I think it is likely to infer that Tattam’s collection was actually the one formed by Dujardin during his first and last journey to Egypt. What I can only guess is that some avaricious person stole Dujardin’s manuscripts after his death and sold them further. Thus, the documents never arrived to France, as they were supposed to do, but they ended up into Tattam’s hands, who was at that time travelling to Egypt and Middle East for the same purposes as Dujardin. The memoirs of this voyage were recorded by Tattam’s niece, Miss Platt, in her Journal of a Tour through Egypt, the Peninsula of Sinai, and the Holy Land, in 1838, 1839 (2 vols., printed for private circulation by R. Watts, 1841-1842). From her notes, it is clear not only that the English travellers knew about Dujardin and his unfortunate destiny, but also that they were aware that he collected Coptic manuscripts. At one point, it becomes apparent that Tattam was trying to track down these manuscripts. Here is what Miss Platt wrote in this regard:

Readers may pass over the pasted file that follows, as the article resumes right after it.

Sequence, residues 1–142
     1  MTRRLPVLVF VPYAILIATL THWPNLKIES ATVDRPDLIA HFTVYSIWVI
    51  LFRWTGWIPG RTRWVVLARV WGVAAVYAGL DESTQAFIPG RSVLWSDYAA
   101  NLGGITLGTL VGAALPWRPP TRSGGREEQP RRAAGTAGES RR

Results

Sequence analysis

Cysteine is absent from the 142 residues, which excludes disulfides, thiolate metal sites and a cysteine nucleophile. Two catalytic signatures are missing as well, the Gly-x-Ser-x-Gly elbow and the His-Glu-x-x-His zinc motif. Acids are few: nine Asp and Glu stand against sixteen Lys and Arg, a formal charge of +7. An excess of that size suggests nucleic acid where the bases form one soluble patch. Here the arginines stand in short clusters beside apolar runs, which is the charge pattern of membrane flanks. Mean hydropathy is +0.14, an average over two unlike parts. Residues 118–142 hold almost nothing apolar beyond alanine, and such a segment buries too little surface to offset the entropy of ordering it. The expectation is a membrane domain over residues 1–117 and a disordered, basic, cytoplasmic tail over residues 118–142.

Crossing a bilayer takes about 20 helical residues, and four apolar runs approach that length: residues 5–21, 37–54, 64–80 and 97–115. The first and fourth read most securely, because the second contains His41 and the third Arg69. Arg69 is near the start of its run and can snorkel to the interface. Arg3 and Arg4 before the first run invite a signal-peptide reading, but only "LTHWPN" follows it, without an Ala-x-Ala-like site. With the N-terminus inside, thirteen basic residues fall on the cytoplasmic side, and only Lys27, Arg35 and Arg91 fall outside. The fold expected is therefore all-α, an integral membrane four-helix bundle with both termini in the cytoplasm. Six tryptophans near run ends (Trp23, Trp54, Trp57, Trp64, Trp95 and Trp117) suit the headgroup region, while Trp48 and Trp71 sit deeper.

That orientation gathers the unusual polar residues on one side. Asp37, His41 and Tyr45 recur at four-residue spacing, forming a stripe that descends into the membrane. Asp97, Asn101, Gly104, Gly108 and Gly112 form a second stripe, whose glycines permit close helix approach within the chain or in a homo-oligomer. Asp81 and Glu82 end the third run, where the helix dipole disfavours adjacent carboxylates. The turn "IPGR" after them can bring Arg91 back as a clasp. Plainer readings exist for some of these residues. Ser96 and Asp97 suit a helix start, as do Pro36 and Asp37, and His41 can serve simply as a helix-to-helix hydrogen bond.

Friday, Nov(ember) 9 (1838): … (Tattam) called … on the French Consul; with whom, and Mr. Fresnell, he went to the Frank (i.e., Catholic) Convent, to see M. Dujardin’s MSS.; but found he had only copied the first nine chapters of the Book of Job, a chapter of the Book of Kings, and one or two of the Psalms. (Platt, Voyage, vol. 1, p. 94)
It is clear, thus, that Tattam was looking for Dujardin’s manuscripts, but he managed to acquire them only after this date (i.e. November 9, 1838).
These facts reveal that the John Rylands Coptic parchments are actually part of one of the earliest collection of such documents, formed in the late 1830s. A collection which was built upon the sacrifice of a little-known pioneer in Coptology: Jean Dujardin.
 Bibliothèque de l’Ecole des chartes vol. 61 (Librairie Droz : Paris, 1900) p. 53 : “20391-20393. Papiers de Jean Dujardin, chargé de mission en Égypte (1838) : Copies de manuscrits coptes, de papyrus égyptiens et grecs et d’inscriptions hiéroglyphiques. – Une notice des pièces est en tête du premier volume.”; Nouvelles acquisitions du Département des manuscrits pendant les années 1900-1910 (E. Leroux : Paris, 1911) p. 53.